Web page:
“The biggest threat for department stores? Mismanagement!” (Maurizio Borletti, Chairman of Borletti Group)

“The biggest threat for department stores? Mismanagement!” (Maurizio Borletti, Chairman of Borletti Group)
Maurizio Borletti

Are department stores a relic of the past, or do they contain seeds for the future of retail? That is the central question in our interview series ‘A love for department stores’, where we will discuss the challenges and opportunities for the business with a selection of leading voices in retail.

 

From toys to food

Let’s head for Italy first, where department store La Rinascente Milano was awarded the title of ‘Best department store in the world’ by the Intercontinental Group of Department Stores (IGDS) in 2016. We had the honor to meet one of the most successful Italian entrepreneurs, Maurizio Borletti, the grandson of Senatore Borletti, who launched the brand La Rinascente in 1917. Mister Borletti was CEO of tableware company Christofle, was shareholder of La Rinascente between 2005 and 2011, invested in the French department store company ‘Le Printemps’ between 2006 and 2013 and is today one of the shareholders of ‘Highstreet’, the company that holds most of Karstadt’s real estate. This is an expert in the business, no doubt!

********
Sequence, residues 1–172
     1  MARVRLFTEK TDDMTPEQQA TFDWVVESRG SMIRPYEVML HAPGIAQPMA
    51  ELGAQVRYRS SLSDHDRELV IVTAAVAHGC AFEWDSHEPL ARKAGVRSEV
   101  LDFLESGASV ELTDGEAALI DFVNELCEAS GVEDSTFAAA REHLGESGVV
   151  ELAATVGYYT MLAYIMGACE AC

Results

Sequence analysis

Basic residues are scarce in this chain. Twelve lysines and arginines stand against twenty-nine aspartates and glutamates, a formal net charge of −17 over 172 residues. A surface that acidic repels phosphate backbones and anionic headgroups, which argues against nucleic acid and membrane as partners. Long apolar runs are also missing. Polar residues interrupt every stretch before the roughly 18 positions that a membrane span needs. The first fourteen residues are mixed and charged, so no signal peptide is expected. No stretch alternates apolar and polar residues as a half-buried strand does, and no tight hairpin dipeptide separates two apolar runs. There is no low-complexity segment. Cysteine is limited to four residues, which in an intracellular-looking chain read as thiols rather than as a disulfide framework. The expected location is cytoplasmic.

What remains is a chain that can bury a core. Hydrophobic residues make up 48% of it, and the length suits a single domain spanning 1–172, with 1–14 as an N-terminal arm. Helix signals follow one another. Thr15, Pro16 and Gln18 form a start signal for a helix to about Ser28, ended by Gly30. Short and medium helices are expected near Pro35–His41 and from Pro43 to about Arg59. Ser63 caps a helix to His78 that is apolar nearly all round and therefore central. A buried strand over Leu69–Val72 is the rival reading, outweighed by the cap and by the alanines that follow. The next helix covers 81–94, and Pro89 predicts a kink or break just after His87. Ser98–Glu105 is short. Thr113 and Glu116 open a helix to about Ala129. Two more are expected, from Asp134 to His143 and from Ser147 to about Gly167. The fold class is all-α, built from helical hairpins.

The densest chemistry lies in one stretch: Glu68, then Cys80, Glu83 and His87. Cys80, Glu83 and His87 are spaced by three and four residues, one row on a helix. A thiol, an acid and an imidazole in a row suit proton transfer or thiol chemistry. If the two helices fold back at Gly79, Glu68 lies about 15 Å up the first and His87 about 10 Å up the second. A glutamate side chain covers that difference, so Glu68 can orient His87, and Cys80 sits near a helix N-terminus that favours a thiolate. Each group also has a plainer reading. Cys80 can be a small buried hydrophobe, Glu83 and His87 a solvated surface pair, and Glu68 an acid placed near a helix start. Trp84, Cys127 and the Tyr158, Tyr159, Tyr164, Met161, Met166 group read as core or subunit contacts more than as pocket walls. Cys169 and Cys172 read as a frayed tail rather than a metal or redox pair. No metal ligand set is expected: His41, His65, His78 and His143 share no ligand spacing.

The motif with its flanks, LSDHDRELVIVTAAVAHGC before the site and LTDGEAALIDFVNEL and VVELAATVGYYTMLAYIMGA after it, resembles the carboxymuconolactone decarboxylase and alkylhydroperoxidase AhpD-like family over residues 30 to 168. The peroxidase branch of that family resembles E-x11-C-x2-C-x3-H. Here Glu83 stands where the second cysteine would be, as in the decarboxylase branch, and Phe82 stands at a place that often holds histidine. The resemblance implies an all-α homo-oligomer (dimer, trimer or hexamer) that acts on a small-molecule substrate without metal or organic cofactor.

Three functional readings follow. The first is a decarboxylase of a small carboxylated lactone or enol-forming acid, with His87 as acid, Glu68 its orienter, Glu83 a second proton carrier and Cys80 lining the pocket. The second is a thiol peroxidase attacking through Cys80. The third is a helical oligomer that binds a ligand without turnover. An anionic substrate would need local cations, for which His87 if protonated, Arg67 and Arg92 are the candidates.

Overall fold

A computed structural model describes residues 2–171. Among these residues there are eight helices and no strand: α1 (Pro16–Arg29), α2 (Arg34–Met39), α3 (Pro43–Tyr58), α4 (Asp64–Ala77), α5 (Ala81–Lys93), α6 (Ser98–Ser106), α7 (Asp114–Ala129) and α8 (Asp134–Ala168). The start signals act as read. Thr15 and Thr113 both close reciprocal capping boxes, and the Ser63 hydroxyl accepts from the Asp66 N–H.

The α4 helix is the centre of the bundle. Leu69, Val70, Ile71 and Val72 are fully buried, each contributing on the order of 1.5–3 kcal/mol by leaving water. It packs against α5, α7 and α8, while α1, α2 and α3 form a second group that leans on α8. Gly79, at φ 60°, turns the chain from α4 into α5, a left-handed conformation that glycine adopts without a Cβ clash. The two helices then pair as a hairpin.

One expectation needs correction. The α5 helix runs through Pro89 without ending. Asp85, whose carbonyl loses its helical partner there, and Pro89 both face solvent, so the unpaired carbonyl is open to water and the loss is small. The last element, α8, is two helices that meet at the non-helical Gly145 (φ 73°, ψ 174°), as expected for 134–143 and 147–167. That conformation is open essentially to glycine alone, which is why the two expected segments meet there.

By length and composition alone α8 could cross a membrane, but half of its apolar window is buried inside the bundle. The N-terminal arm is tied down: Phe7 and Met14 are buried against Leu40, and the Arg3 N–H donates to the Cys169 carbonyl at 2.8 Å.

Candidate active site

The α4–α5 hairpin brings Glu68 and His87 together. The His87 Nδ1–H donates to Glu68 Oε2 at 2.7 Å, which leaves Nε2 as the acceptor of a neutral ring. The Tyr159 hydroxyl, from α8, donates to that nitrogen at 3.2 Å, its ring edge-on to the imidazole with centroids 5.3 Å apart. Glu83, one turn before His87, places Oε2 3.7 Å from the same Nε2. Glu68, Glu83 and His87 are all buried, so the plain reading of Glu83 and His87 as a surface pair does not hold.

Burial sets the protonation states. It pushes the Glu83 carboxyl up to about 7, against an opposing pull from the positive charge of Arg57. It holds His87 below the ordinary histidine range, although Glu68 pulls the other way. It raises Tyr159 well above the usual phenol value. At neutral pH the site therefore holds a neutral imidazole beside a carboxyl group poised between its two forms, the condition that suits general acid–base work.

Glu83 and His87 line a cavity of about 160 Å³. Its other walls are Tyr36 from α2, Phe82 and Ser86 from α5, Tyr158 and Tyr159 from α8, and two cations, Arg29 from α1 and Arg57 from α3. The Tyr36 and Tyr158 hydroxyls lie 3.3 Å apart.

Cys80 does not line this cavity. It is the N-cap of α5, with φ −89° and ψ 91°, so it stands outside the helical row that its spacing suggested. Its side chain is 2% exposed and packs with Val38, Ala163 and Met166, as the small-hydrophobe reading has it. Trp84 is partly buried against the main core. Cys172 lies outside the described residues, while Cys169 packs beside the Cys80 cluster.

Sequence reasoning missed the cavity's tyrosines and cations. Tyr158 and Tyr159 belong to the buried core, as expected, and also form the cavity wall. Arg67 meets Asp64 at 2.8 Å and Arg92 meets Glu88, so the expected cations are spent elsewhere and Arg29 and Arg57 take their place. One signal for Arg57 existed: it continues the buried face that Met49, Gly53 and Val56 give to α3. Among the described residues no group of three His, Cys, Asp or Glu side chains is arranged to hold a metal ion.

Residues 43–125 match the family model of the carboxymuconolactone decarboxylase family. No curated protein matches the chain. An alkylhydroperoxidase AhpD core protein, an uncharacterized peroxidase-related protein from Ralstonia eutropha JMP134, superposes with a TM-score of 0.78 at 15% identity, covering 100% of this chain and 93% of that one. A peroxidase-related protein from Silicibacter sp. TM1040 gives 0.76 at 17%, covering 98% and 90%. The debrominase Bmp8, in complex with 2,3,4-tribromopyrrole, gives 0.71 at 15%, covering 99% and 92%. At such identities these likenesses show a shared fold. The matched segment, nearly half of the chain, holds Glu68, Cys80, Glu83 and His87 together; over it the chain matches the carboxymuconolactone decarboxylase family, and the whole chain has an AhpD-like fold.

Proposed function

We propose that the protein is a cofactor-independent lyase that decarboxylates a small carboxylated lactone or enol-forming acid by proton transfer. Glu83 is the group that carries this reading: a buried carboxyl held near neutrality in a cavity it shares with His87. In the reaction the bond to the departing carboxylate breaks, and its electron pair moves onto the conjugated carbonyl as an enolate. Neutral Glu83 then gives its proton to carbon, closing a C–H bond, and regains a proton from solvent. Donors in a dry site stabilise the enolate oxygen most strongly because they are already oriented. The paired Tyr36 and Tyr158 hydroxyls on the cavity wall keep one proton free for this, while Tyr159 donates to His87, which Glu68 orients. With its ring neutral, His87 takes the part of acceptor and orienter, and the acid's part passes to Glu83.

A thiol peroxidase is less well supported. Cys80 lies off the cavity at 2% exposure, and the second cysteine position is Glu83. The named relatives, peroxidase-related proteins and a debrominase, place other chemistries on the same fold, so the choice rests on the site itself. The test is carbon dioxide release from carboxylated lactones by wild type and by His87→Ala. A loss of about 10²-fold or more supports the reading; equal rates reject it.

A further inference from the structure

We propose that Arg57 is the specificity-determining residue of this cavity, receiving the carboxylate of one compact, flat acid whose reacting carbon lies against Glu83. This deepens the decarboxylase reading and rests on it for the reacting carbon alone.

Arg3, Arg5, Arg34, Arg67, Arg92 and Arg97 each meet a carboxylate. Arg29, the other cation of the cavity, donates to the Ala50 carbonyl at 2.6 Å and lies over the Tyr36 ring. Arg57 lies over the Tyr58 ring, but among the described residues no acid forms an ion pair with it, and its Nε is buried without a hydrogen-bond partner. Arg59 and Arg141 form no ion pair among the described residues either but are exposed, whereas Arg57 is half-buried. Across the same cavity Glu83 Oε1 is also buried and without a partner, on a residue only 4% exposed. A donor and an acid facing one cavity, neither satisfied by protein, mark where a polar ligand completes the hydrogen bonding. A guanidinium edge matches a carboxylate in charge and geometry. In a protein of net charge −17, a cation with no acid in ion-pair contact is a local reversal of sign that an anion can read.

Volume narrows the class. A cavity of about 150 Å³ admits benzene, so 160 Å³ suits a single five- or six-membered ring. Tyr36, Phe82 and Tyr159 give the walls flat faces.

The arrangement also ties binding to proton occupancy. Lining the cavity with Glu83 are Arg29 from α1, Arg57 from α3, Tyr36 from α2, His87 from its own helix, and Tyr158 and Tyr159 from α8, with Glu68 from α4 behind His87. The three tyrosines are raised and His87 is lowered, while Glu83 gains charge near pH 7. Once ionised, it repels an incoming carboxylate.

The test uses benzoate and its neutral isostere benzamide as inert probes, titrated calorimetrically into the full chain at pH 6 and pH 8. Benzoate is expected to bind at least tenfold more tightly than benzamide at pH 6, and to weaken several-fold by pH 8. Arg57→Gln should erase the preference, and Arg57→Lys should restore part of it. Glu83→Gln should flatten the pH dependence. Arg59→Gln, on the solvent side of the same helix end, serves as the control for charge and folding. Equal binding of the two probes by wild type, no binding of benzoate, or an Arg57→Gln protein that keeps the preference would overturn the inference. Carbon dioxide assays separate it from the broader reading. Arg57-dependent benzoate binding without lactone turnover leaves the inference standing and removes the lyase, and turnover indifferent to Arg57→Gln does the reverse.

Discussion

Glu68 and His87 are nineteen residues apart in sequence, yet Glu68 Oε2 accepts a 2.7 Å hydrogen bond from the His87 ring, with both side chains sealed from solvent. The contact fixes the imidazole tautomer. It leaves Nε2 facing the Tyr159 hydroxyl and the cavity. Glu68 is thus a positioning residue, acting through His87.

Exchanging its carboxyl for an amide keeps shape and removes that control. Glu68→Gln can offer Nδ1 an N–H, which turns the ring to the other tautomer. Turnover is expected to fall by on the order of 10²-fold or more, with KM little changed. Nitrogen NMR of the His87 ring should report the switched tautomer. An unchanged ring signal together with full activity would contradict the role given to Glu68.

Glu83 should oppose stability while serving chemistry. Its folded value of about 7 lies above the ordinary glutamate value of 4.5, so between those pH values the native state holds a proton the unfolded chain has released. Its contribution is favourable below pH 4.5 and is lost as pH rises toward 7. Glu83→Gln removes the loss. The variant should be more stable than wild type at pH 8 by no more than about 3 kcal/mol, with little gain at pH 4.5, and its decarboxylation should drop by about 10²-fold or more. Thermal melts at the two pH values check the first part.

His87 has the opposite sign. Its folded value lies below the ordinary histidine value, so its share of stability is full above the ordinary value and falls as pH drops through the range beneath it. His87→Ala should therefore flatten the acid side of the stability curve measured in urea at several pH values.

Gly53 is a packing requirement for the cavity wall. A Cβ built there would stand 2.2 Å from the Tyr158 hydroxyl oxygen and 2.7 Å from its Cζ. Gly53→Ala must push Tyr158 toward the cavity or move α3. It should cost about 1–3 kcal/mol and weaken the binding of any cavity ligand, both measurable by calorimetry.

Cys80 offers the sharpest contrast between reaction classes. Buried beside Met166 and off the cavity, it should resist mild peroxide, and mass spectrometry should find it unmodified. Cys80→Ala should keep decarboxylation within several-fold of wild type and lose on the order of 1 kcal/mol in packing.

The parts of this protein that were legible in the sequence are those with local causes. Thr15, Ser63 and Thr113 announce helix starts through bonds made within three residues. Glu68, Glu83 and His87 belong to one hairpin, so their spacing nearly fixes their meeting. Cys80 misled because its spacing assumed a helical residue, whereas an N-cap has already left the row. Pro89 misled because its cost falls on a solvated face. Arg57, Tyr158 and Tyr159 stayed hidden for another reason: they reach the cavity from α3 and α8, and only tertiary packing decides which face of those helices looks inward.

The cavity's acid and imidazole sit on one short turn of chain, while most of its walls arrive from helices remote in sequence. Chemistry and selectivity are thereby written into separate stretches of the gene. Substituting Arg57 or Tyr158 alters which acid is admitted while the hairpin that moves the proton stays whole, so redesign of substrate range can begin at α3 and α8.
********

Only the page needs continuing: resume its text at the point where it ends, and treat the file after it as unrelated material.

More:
Mister Borletti, what was your first memory of a department store?

“Well, as you know my family started the La Rinascente department stores in 1917. The company was sold to Ifil, the holding of the Agnelli family, in 1969. The only member of the family who stayed aboard as a shareholder was my father, who was still in the board when I was a child. So my first memory is that I accompanied my father to the board and that I would look at toys while he would work. Toys were always one of the most important departments back then. As a child, a department store meant toys to me above anything else. Then later, maybe I became more interested in the  fashion department. When young people come to department stores now, I suppose the first thing they appreciate is the food department. Food has replaced toys, in a way.”